New Year in St Helena is a quieter affair than the UK, such monumental effort is put into Christmas and its associated parades that New Year’s takes something of a back seat. Not that it is forgotten by any means, partying in town and the waterfront for those considerably younger, or older, or more childless than myself went on into the late hours of New Years Day morning and pubs and social clubs across the Island held their own social gatherings. For the Tyson’s, an evening hosted by two of our RMS friends, Debbie and Andy Parkinson was enjoyed, in the company of other friends from the Island. With a family theme, games and a competitive quiz were the order of the day. For Charlie it was all too much, and by 10pm he fell asleep in the middle of the room!

The next morning saw Oliver’s organised walk. For some weeks, following the experience of various group walks organised by others on the Island Oliver has wished to organise his own. With some help from Mum he mustered a group of friends for a walk to the Heart Shaped Waterfall, and this time was pleased to find water in the waterfall. Sadly for Dad, the groin injury is restricting walking adventures at the moment and I was left behind spending my time cleaning, cooking and writing content for my photography course.

The course has proved very popular and I have 22 people signed up all wanting to learn more about photography and to take their expensive SLR camera’s out of automatic and release its full potential. I just hope I do them justice and meet their expectations.

As the St Helena “summer” Christmas holidays continue, time has been spent swimming in the pool, now warm under the midday sun and providing rest bite for parents as children splash and play in the safe water. Practicing swimming, jumping from the diving board and snorkelling the full length of the pool, Oliver’s confidence has grown wonderfully. As indeed has Charlie’s confidence, from clinging to Mum or Dad for dear life, to swimming independently and jumping in and out of the pool in just three short weeks.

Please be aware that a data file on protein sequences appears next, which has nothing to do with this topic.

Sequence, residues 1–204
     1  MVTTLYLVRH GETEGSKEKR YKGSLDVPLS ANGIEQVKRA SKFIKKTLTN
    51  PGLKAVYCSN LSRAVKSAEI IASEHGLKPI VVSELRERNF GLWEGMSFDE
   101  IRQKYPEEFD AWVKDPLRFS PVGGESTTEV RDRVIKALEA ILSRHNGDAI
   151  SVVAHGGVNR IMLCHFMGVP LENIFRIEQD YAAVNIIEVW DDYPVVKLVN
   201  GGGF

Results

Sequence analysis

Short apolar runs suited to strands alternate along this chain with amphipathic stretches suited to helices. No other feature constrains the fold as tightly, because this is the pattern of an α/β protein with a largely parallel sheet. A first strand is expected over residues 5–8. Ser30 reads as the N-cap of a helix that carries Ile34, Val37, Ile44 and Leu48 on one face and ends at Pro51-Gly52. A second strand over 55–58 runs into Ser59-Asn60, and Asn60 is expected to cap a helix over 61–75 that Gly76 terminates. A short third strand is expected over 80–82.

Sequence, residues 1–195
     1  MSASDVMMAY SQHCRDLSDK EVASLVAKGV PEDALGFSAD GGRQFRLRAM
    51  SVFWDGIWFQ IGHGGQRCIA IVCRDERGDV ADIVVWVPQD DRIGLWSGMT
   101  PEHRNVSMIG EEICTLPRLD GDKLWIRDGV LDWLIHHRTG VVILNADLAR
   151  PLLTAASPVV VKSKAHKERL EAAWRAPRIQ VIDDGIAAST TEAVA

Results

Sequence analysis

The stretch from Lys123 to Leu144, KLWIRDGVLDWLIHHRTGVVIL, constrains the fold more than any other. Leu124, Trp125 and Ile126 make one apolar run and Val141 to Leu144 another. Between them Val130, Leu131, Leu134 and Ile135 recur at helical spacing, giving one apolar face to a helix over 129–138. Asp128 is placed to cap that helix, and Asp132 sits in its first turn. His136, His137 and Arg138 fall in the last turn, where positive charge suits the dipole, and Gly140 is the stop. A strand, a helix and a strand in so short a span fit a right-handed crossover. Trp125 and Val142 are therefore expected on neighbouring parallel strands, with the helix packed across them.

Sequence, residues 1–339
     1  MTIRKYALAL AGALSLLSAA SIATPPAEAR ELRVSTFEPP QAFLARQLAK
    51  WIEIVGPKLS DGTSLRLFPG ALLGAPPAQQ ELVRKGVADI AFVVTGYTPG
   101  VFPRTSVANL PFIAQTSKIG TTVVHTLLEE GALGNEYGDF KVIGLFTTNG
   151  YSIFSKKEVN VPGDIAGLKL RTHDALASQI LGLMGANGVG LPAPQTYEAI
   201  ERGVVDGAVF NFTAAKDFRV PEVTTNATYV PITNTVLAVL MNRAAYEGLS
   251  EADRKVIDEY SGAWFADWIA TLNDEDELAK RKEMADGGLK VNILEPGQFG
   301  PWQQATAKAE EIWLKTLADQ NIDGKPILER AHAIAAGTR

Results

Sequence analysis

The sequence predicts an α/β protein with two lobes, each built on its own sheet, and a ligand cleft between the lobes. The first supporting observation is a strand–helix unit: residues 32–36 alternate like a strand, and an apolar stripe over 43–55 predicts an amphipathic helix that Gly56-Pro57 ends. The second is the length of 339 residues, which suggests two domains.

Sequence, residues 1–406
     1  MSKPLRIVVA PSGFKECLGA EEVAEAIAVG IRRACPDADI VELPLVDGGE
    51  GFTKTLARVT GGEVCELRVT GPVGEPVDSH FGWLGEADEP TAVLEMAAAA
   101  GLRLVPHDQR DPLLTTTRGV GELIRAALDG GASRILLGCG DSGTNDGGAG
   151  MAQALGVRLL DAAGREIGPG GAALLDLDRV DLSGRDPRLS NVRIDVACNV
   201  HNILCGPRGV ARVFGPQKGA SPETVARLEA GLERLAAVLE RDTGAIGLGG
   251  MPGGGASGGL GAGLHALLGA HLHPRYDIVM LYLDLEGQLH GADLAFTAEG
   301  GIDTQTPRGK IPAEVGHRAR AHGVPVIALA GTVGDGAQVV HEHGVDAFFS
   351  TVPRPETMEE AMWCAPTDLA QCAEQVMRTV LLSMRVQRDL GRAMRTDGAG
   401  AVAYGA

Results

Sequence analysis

Oliver’s new found confidence has led to growing desires to have another go at snorkelling in the sea. His first attempt, a few weeks ago was not the greatest success, cold and scared, having not really swam for months, a quick glance at the fish was all that was achieved before tears ensued. And so it was, with renewed enthusiasm and bravery that we made another attempt. Walking out from James Bay along a narrow stretch of black volcanic sands, the relatively calm waves still caused significant breakers. Oliver holding tightly onto my neck as we pushed through until out of our depth and started swimming, my wetsuit providing the buoyancy I needed to hold up a child tightly latched onto me. We adjusted our masks and snorkels and with a quick instruction put our heads down to peer through the waves and the wonderful life in James Bay.  After a half minute or so I pulled Oliver up to the surface to check he was ok and he nodded with great enthusiasm. A twenty minute swim round the bay saw Oliver off on his own, swimming and watching in wonder at fish of all colours and sizes, the highlight being the deadly stonefish, holding tightly onto an octopus, its tentacles still moving as they hung out of the giant mouth of its venomous captor. A very proud Dad and overjoyed son returned to tell Mum and Charlie all about our mini Ocean Odyssey.

This maritime breakthrough could not be better timed as on the 2nd of January another trip to Lemon Valley was booked. The children, enthused by their first experience and swimming confidence were both incredibly excited. A large group of us arrived at Lemon Valley at around 11am. An interesting contrast between Ex-pats and Saints once again presented itself as we arrived to the greeting of around 30 or so Saints, already in position in the Bay. For many Saints, a trip to Lemon Valley and its associated underwater fun is not the novelty that it is to us, therefore their day takes different priorities, normally centred around the social barbeque, in a large cave sat within the volcanic rock. Saints will leave the wharf early, often before 7am, to ensure the prime cooking and gathering spot is secured. For our, mainly ex-pat group, the priority during the holiday is a lie in, and whilst cooking is lower on the list swimming in crystal clear waters and rubbing shoulders with unique marine life takes priority and within minutes of arriving children and adults alike were splashing in the waves.